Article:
Ex trainee chef who stabbed loving dad in heart is jailed for 12 years


Adam Grant had fallen out with neighbour Martin Wyatt over noise at their flats in Mixenden Road, Halifax

A former trainee chef who knifed his neighbour in the heart and then went back to doing his washing up has been jailed for 12 years after jury found him guilty of manslaughter.

Talented darts player and loving father Martin Wyatt, 32, was stabbed in the chest after he banged on his neighbour’s door at a block of flats in Mixenden Road, Halifax , last September.

Bradford Crown Court heard during a five-day trial that Mr Wyatt and his next-door neighbour Adam Grant had fallen out over loud music and rubbish in the hallway and Grant claimed that he had been scared of what might happen if his neighbour had got into his bedsit.

Grant, who had trained as a chef at Calderdale College, deliberately chose a knife with a 20-centimetre blade before opening his front door and striking out at his victim.

The defendant, who had learning difficulties, was then said to have gone back to his sink and wiped the knife before putting it back in its pouch.

When police arrived on the scene Grant told them he had been doing his washing up and hadn’t done anything.

Mr Wyatt died from his injury despite the efforts of the emergency services and Grant was subsequently charged with his murder, but after more than five hours of deliberation a jury found him not guilty.

The court heard that at the time of the stabbing Grant was on police bail for an undisclosed offence and his only previous conviction was for an assault.

The Recorder of Bradford Judge Jonathan Durham Hall QC heard moving victim impact statements from Mr Wyatt’s mother and father in which they outlined how their lives had changed forever following his death.

His mother Tracey said seeing her son in the mortuary broke her heart and she kept thinking he would walk through the door, call her or message her.

“I know this will never happen again thanks to Adam Grant who has taken Martin away from us all,” she said in her statement.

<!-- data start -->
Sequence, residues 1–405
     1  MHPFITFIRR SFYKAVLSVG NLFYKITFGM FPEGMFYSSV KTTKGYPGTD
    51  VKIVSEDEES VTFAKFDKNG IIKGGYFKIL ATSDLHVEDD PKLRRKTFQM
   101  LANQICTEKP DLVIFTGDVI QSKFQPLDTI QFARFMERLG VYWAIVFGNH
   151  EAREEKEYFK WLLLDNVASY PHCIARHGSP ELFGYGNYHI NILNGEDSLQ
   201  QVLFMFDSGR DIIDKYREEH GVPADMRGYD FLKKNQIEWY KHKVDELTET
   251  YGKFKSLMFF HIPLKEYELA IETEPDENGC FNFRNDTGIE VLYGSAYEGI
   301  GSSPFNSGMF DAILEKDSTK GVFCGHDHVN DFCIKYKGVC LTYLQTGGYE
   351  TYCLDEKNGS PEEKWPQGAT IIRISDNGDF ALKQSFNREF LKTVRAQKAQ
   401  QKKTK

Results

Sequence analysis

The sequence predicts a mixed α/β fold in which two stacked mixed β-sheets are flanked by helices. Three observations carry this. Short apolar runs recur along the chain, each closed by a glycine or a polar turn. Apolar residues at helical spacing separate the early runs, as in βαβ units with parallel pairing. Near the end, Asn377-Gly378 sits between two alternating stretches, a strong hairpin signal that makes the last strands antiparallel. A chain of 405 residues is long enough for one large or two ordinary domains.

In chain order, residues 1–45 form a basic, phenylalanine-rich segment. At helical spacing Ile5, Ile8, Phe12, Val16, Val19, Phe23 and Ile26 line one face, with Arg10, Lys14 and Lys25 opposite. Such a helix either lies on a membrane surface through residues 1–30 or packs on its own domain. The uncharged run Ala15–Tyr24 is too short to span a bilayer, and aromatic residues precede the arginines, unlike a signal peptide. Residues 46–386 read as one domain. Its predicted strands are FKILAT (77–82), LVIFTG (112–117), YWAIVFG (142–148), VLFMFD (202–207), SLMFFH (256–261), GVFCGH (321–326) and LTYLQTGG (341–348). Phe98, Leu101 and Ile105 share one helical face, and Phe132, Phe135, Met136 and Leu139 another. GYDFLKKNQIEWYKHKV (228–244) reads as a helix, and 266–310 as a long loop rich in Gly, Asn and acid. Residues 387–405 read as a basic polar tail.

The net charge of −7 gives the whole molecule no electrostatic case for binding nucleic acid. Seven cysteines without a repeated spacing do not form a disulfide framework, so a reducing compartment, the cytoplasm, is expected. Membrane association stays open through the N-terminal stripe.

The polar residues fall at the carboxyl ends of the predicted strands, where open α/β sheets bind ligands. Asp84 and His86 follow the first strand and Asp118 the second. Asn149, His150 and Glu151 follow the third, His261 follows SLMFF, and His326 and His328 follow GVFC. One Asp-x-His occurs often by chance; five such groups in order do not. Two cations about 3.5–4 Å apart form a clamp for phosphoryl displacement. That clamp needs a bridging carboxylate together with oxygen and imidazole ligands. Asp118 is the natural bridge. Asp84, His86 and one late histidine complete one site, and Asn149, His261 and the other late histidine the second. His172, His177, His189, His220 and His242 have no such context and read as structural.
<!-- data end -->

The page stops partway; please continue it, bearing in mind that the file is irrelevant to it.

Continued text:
His father Philip described how he attended the scene of the stabbing and saw his son covered in blood as the paramedics tried to save his life.

He said that was the start of a nightmare the family were still living and the last six months had been a whirlwind.

“It still doesn’t seem real that Martin is not with us,” he said.

Judge Durham Hall said he was satisfied that the jury’s manslaughter verdict meant they had rejected Grant’s claim to have acted in self defence.

“Much has been said Mr Grant to suggest that you, to some extent, are also a victim here,” said the judge.

“You are not. There is only one victim here that’s the man you killed Martin Wyatt.

“Any suggestion that you had been subjected to bullying was very much, I’m afraid, in your imagination perhaps sadly harking back to your past.”

The judge said on the day of the stabbing Mr Wyatt had been “cross and irritated” when he went to Grant’s door, but the defendant had then deliberately chosen “the largest knife” in his collection before driving it into his victim’s chest.

Judge Durham Hall said Grant did have “major learning difficulties” but he was coping with them and living an independent life.

“Of course the family (of Mr Wyatt) would like nothing else but for me to throw away the key, but the court cannot and will not impose a sentence that is unsustainable,” said the judge.

“The least sentence I can impose Mr Grant upon you, it will not be enough, but it is the right sentence in my judgement reflecting the law and all proper guidance is one of 12 years imprisonment.”

Det Supt Jim Dunkerley, of West Yorkshire Police’s Homicide and Major Enquiry Team, said: “We note the verdict at court.

“A young man has lost his life and a family have lost a much-loved son. I hope that the conclusion of this case helps to provide them with some closure.”


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